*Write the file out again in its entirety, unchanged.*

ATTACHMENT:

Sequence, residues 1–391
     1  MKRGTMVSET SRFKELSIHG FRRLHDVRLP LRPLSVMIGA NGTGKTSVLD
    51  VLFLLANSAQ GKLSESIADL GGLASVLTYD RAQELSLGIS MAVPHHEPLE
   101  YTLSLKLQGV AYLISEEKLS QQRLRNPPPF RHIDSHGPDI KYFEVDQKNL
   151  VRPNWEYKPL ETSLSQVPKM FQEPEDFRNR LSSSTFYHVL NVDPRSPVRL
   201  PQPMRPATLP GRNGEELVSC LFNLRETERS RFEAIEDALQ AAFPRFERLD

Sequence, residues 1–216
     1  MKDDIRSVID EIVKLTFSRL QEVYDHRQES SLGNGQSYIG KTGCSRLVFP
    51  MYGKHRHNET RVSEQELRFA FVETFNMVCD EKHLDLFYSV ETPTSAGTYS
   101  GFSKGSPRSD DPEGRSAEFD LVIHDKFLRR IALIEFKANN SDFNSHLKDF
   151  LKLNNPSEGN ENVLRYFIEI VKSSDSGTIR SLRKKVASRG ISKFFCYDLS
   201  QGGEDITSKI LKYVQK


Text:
Sequence, residues 1–391
     1  MKRGTMVSET SRFKELSIHG FRRLHDVRLP LRPLSVMIGA NGTGKTSVLD
    51  VLFLLANSAQ GKLSESIADL GGLASVLTYD RAQELSLGIS MAVPHHEPLE
   101  YTLSLKLQGV AYLISEEKLS QQRLRNPPPF RHIDSHGPDI KYFEVDQKNL
   151  VRPNWEYKPL ETSLSQVPKM FQEPEDFRNR LSSSTFYHVL NVDPRSPVRL
   201  PQPMRPATLP GRNGEELVSC LFNLRETERS RFEAIEDALQ AAFPRFERLD

Sequence, residues 1–216
     1  MKDDIRSVID EIVKLTFSRL QEVYDHRQES SLGNGQSYIG KTGCSRLVFP
    51  MYGKHRHNET RVSEQELRFA FVETFNMVCD EKHLDLFYSV ETPTSAGTYS
   101  GFSKGSPRSD DPEGRSAEFD LVIHDKFLRR IALIEFKANN SDFNSHLKDF
   151  LKLNNPSEGN ENVLRYFIEI VKSSDSGTIR SLRKKVASRG ISKFFCYDLS
   201  QGGEDITSKI LKYVQK